The Wisconsin Protests' Widespread Influence—From Obama to Occupy Wall Street

Protests of Wisconsin Gov. Scott Walker's anti-union policies inspired movements nationwide.

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One year ago, hundreds of thousands of Wisconsonites took to the streets to protest Gov. Scott Walker's move to strip unions of bargaining rights and impose austerity measures on the state. Last month, activists filed petitions calling for Walker's recall and removal from office. In Uprising: How Wisconsin Renewed the Politics of Protest, from Madison to Wall Street, The Nation's Washington correspondent John Nichols argues that what happened in his native state is important for American democracy. Nichols recently spoke to U.S. News about what's at the heart of Wisconsin's uprising and how it has influenced grass-roots movements around the country and abroad. Excerpts:

Why did you write this book?

I wanted to write a book that really looked at ways in which grass-roots citizens, great masses of people, can push back against some of the really challenging threats to middle class lifestyle, to wages, benefits, pensions. Things that were traditionally expected to be a part of our lives but now are under great threat in an age of austerity.

[See pictures of the protests in Madison, Wisconsin.]

Did Wisconsin inspire the Occupy movement?

I think Wisconsin influenced the Occupy movement. There's simply no question that the images from Wisconsin of tens of thousands of people occupying the State Capitol and the hundreds of thousands of people surrounding it on the streets, had some inspirational effect. Not just on the Occupy movement but on social and political movements in the United States and around the world.

Even in the Middle East?

In the midst of the Wisconsin struggle, there were letters and messages arriving from protestors in Egypt, who were cheering on Wisconsinites.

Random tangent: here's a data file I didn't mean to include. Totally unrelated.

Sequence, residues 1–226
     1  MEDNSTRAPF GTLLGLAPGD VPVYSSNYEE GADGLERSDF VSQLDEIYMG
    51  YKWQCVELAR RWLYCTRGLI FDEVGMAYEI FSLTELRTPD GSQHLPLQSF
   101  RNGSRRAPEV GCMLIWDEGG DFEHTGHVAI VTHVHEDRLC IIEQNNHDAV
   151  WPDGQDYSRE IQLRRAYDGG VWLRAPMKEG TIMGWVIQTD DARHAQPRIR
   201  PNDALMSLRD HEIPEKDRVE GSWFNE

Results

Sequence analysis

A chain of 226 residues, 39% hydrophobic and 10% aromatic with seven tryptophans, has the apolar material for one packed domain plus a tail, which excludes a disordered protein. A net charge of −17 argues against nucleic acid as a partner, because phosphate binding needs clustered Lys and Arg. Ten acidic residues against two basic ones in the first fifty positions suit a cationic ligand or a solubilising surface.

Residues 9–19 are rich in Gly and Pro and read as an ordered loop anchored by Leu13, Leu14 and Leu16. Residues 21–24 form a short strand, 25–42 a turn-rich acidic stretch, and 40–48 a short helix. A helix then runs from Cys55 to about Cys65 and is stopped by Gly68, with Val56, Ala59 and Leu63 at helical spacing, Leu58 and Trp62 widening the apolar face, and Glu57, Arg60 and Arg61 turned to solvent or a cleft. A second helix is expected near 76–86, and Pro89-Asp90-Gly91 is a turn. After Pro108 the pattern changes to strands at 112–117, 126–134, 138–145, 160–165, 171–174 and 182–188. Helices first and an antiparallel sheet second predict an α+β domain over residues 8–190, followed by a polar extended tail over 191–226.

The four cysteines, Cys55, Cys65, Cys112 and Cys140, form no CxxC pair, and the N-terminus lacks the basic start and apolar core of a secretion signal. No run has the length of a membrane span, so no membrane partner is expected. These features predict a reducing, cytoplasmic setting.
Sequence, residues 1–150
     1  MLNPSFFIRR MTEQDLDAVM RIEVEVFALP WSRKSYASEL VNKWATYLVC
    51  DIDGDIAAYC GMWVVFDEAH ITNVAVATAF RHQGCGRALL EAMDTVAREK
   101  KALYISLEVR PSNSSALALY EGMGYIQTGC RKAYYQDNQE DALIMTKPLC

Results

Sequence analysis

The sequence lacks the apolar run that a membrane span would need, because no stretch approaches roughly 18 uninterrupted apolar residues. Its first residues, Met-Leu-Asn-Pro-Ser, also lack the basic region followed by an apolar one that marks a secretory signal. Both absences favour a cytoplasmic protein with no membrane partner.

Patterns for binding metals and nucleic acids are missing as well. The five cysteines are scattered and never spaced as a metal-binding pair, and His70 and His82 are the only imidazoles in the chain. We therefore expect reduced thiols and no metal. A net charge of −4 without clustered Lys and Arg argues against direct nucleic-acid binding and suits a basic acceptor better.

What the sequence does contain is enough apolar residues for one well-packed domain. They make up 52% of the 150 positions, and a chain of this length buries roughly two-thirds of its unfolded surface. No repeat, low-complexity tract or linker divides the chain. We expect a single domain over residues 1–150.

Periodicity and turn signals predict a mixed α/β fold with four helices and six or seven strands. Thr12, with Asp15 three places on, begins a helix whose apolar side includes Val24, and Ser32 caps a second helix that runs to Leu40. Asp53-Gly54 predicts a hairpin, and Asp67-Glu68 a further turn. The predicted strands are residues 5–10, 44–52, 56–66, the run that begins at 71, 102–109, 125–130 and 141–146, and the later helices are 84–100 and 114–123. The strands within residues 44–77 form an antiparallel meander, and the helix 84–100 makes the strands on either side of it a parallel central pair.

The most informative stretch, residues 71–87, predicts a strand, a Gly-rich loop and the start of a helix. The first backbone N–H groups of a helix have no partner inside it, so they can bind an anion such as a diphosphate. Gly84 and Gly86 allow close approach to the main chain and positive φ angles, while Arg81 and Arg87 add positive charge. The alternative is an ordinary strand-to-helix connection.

[See a collection of political cartoons on the turmoil in the Middle East.]

Have last year's events shaped the national debate during this presidential election?

I think what happened in Wisconsin and what has happened since then in other states such as Ohio, Michigan, Indiana, and with the Occupy movement, has caused a great deal of rethinking on the part of political players.

For example?

A year ago, Barack Obama was really speaking the language of austerity. Now, in his most recent budget, he is talking about higher taxes on the very wealthy and the need for programs that serve Americans.

[Read the U.S. News debate: Do the Rich Pay Their Fair Share in Taxes?]

What role did the media play in Wisconsin?

In some sense, the media was essential because those images, those pictures of hundreds of thousands of people in the streets of Madison had a profound impact. They caused an awful lot of people to pay attention to what was going on. By the same token, a good deal of the media coverage, particularly in television, was a bit dismissive. It suggested that these people were unreasonable, or that they didn't really know what they were asking for.

What was the role of social media?

It was a way in which folks were communicating a great deal of information, often jumping over the old-school media. You saw Facebook pages become really valuable tools for communicating information about budgetary and fiscal issues. And I think we've only begun to realize the potential of social media as an educational and even journalistic tool.

What's next for Wisconsin?

In January, this movement, which really focuses around a group called United Wisconsin, filed more than one million signatures seeking recall and removal of Walker from office. And so as the year progresses there will be a new election and that election could see the removal of the individual who really began this fight when he proposed to strip many of the collective bargaining rights from public sector workers.

[Read Robert Schlesinger on why Scott Walker and other swing-state GOP governors will get Obama re-elected.]

What in this story surprised you most?

This deep connection that a lot of Americans have to the trade union movement. In the United States today, only about 10 percent of Americans are union members. But many families trace their roots back to an auto worker or a steel worker or a teacher. And so when the fight came in Wisconsin, you saw those connections come into play. People who were not members of unions currently went to the streets to defend the rights of unions and the right of public employees to organize and collectively bargain.